If I pull enough weeds while I’m cutting the perennials I might finish the weeding in another day, but it will be a long and miserable one. Another day will be needed to clean up the piles of leaves that were left when I quit on the chore in November. I got most of them before I shut down for the winter, and the leaves that remain can be shredded in place without making too much of a mess.

There will be no pruning. Maybe a bit, but I don’t take the shears to the shrubs to shape things up. I don’t like shapely plants, I let things go to do whatever it is they do. There are no gumdrops in this garden, though there is one tall cone shaped boxwood that once was a spiral until I let it get out of hand, and a cone was all I could salvage of it. There’s no space in the wee small space between a path and patio to let the boxwood grow, so it will be a cone or it will have to be pulled out.

Every few years I must cut the roses back, but I don’t think that will be this year. It wasn’t last year either, so I suppose it will be next year. Once the roses leaf out there will be some minor pruning required to snip off some dead tips, which Japanese maples also require annually, but this is a task for April, even for late April, and if all goes according to plan you can see that I’ll be finished with the spring cleanup well before the end of March. It could happen, but not once in four decades of spring cleanups has it worked out as planned.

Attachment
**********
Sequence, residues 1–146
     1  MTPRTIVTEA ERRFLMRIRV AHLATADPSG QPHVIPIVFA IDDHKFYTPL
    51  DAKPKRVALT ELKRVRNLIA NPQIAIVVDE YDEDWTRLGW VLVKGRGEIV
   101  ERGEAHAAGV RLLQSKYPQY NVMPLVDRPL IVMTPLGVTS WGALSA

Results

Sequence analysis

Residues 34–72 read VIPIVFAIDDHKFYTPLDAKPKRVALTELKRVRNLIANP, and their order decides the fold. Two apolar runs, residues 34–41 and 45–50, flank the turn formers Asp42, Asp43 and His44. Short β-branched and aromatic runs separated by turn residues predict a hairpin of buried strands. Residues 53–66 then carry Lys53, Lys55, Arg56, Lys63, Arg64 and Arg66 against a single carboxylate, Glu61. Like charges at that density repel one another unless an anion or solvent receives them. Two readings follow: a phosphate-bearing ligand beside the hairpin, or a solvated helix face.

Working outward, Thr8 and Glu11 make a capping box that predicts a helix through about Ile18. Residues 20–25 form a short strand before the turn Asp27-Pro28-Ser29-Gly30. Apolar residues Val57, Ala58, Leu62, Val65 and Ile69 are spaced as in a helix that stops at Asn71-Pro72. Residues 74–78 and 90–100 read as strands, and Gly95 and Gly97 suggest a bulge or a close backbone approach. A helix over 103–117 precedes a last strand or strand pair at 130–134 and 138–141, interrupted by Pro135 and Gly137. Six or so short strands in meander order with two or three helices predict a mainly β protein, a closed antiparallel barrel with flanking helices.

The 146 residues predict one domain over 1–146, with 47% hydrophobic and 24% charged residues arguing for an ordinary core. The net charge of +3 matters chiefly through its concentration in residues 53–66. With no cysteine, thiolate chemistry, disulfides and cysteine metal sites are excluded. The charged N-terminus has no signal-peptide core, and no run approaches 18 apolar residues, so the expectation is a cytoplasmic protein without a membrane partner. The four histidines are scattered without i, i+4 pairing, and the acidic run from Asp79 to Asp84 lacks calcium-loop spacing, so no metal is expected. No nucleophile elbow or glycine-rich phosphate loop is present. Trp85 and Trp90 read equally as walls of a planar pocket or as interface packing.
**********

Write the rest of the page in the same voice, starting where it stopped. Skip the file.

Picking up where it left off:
One Comment Add yours

  1. Diane Amick says:

    My husband also uses the chainsaw on the large grasses – sure look raggedy until new growth overcomes the choppy ends, but saves much time. He also used the chain saw this year on caryopteris (I usually hand prune right after blooming so I don’t have 8 million of the little babies to contend with in the spring), and nepata and various other somewhat woody perennials I was too lazy to do over the winter. I’d planned on spending hours hand shaping mounds before spring growth…took him about 15 minutes.